For as much as the Western Athletic Conference got kicked while it was down, one might’ve expected the league to be dead by now.
As the WAC teetered on the brink of extinction after watching its football members run for cover in other leagues, a floodgate of stories of its demise was opened. Some took almost a morbid glee in its struggles, apparently because watching and discussing endless conference realignment brings them more joy than even the games themselves. The conference survived, though, and while it’s still a long climb back to stability in the NCAA Division I college sports landscape, the good ol’ WAC also continues to show that there is hope of better days ahead. Not a guarantee, mind you, but at least reason for optimism.
The venerable conference actually had three pretty darn good teams in 2015-16, and also started shedding some of its recent rep as being New Mexico State’s personal playground. Oh, the Aggies-with league player of the year Pascal Siakam and another tall tree front line whose height would be the envy of many college teams-were still the cream of the regular season, romping through with a 13-1 mark and coming within five points of an undefeated league mark. But upstarts Grand Canyon and Cal State Bakersfield were not far behind, both finishing 11-3 in the WAC and winning 20-plus games.
Grand Canyon was the lone league team to beat New Mexico State in the regular season, coming back for a 79-75 win in front of a sellout crowd at home. Bakersfield, meanwhile, played the Aggies to a pair of low-scoring, every-possession-counts dandies, though the Roadrunners came up short in both.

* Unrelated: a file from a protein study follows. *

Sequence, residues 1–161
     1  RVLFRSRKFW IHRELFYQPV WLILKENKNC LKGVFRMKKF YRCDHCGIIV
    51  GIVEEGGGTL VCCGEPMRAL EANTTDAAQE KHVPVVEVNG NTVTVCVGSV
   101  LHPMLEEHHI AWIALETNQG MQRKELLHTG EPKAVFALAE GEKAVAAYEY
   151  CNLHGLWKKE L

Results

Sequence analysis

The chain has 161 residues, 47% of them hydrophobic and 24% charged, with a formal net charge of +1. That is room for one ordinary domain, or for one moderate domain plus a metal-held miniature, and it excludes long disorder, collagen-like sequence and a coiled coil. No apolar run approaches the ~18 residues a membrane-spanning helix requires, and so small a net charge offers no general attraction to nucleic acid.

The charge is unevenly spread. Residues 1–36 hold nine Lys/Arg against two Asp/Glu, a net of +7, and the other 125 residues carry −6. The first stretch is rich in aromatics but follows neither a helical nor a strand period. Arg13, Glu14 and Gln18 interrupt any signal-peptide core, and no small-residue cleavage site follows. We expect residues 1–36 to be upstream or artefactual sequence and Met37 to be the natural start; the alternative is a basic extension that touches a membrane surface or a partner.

Cal State Bakersfield got another chance at the four-time defending WAC champs in the conference tournament, though, and this time took advantage as Dedrick Basile hit a three-pointer just before the buzzer to send the Roadrunners to the Division I NCAA tourney for the first time. There, they gave eventual Final Four participant Oklahoma a difficult time, trailing by just four at the final TV timeout before the Sooners pulled away late.
Grand Canyon-still ineligible for the NCAA Tournament during its D-I transition period-also advanced to the CollegeInsider.com Tournament quarterfinals and finished with 27 wins, the most since the school’s 1988 NAIA championship. New Mexico State also won 23 games without a senior on its roster and gave St. Mary’s a tussle in the NIT before falling by two on the road.
After dropping like a rock in 2014-15 to 30th of 32 conferences in the RPI, the WAC eased back up to 26th, and there’s still room for improvement. Seattle fell off some after a trip to the College Basketball Invitational semifinals, though the Redhawks were the only team outside the top three to beat one of them, winning at Grand Canyon. Utah Valley continued to rebuild after winning the league title two years ago. Missouri-Kansas City also was in every one of its WAC games, though finishing those games was a problem as evidenced by a slip to 4-10 in the league.
|New Mexico State||13-1||23-11|
|Cal State Bakersfield||11-3||24-9|
|Texas-Rio Grande Valley||4-10||8-22|
Still at seven teams while Grand Canyon remains on Division I standby, the 2016 WAC Tournament in Las Vegas got off to a hot start when fifth-seeded Missouri-Kansas City rallied from 13 points down to eliminate No. 4 seed Utah Valley 80-78 in a very good game. That would be the highlight of the first two rounds, for top seeds would dominate the rest of the way. Second-seeded Cal State Bakersfield handled No. 7 Chicago State 79-57 and 3 seed Seattle pulled away from No. 6 Texas-Rio Grande Valley 75-52 to round out the quarterfinals, and the semifinals weren’t much closer. Top seed New Mexico State controlled UMKC throughout for a 78-64 win, and Bakersfield hammered Seattle 72-47 to set up a title game between the top two seeds.